Few large eruptions in the 19th century were responsible for emissions of ash and sulfur aerosols which are mounted in the stratosphere and made several trips around the world. These eruptions were thus responsible for climate impact , but also optical phenomena : the veil of aerosols was due orange and red colors of the sky
An explanation is given by Prof Zerefos and his colleagues , in an article in Journal of the European Geosciences Union: " In the coloring sunsets , this is the way the brain perceives the greens and reds which contains important information about the environment. "
The particles suspended in the air (dust and sulfuric acid microdroplets ) deflect a portion of the light emitted by the sun, changing shades of visible light spectrum visible by the human eye.
Masters of the 19th century , witnessed this phenomenon without understanding the cause , painted these specific colors.
Among them, William Turner, famous for his mastery of color , was alive in three major eruptions : that of Tambora in Indonesia in 1815 ( VEI 7) , that of Babuyan Claro in the Philippines in 1831 ( VEI 4 ?) , and the Coseguina of Nicaragua in 1835 ( VEI 5).
He painted spectacular sunsets , especially in his painting " Dido building Carthage " in 1815, held at the National Gallery in London, or in "The Lake, Petworth ."
This phenomenon is also readable in some paintings of Edgar Degas, made in the two years following the eruption of Krakatoa in Indonesia in 1883 .
Edgar Degas - " race horses " - 1885 - Norman skies - The Walter H. and Leonore Annenberg Collection // ratio R / G 1.65
Christos Zerefos and his colleagues analyzed hundreds of sunsets painted between the years 1500 and 2000 , potential witnesses fifty major eruptions listed around the world , seeking to identify the presence of air pollutants in these landscapes.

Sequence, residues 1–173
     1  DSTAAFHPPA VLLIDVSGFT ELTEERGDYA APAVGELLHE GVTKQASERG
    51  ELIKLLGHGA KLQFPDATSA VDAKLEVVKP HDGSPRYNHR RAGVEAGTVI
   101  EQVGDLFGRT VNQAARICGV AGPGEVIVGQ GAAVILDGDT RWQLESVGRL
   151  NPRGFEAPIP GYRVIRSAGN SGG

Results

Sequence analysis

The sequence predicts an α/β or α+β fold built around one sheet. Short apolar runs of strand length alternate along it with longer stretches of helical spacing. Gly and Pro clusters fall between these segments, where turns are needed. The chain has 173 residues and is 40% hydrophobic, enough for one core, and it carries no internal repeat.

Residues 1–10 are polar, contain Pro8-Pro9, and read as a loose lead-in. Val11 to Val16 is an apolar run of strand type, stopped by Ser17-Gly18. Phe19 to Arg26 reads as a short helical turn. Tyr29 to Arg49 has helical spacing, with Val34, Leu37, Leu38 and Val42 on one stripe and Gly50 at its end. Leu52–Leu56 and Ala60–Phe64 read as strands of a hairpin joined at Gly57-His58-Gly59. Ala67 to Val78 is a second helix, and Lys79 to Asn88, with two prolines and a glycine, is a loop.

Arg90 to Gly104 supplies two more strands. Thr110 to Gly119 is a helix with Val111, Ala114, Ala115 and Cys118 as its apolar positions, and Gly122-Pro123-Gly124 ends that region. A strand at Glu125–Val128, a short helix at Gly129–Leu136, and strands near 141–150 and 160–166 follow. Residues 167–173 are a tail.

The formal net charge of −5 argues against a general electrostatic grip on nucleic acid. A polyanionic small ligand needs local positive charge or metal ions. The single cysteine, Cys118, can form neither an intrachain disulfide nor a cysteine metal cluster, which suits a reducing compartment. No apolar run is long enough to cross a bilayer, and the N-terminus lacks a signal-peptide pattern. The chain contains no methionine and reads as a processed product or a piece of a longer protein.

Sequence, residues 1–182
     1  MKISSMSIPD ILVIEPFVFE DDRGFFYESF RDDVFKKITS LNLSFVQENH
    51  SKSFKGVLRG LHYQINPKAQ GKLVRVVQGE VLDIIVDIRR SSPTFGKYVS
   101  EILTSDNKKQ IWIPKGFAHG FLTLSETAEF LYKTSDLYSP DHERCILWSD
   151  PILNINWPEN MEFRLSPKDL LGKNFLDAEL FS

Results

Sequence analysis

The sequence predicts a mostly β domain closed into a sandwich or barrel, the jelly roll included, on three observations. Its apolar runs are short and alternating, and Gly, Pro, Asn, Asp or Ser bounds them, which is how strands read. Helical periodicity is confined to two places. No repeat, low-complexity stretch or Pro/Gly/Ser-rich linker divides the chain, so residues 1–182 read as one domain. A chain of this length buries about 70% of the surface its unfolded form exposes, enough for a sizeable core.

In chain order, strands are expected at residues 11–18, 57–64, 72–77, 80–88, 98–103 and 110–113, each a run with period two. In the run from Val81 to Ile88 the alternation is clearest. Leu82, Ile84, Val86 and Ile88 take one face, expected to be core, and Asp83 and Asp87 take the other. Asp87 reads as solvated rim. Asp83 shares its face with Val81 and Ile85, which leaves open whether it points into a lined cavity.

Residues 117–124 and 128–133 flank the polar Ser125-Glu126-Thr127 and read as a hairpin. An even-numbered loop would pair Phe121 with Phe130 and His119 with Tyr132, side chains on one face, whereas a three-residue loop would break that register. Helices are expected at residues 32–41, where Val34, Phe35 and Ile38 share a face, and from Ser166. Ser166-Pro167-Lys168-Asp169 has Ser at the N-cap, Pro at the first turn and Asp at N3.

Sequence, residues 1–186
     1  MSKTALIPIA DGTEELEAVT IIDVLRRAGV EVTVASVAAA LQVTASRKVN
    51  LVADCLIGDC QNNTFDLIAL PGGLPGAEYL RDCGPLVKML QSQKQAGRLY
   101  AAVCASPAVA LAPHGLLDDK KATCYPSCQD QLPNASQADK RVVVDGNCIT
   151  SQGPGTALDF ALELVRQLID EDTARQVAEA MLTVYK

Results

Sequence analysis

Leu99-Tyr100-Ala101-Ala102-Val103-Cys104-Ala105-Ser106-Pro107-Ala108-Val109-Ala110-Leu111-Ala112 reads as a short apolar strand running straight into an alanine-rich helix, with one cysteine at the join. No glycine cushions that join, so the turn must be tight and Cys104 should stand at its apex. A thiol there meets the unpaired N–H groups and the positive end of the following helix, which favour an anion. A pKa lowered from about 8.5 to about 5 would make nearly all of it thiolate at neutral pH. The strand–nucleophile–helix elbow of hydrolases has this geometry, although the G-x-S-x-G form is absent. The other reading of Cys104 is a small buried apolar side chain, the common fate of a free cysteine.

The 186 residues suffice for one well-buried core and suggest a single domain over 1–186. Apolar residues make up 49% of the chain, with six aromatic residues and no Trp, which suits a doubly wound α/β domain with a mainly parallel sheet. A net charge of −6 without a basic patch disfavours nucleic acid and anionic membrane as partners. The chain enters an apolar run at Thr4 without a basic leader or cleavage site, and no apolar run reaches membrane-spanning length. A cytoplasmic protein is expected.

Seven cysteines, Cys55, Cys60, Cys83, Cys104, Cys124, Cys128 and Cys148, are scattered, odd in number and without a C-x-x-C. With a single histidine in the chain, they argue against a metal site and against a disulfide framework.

They argue in their study, regardless of the artist or style , have discovered " that the relationship between the proportion of red and green in the twilight painted by these masters corresponds with the amount of volcanic aerosols in the atmosphere ."
Observations of Zerefos , an atmospheric scientist at the University of Athens, are consistent with the analysis of contemporary ice cores of these events and the findings at the site of eruptions.
Model validation : Photos above : paintings of Hydra by P.Tetsis, in AOD - Aerosol Optical Depth - high conditions, to the left and in low conditions, to the right. Photos below : digital photos of the landscape in the same atmospheric conditions, taken in the middle of the time limit for implementation of the painting./ in the studies of Zerefos & al. of
The validation of this model of paintings analysis for direct use in climate models to get a more accurate idea of how aerosols and atmospheric pollution have affected the climate over recent centuries, was made through the contribution of the artist Panayiotis Tetsis , a renowned colorist . He was asked to paint sunsets during and after the passage of a cloud of dust from the Sahara over the Greek island of Hydra in June 2010.The painter had not been notified of this passage cloud of dust, and the colorimetric analysis of the landscape corresponds to the atmospheric samples taken.
- European Geosciences Union - Famous paintings help study the Earth’s past atmosphere - 25.03.2014 - link
- Further evidence of important environmental information content in red-to-green ratios as depicted in paintings by great masters - C. S. Zerefos & al. - link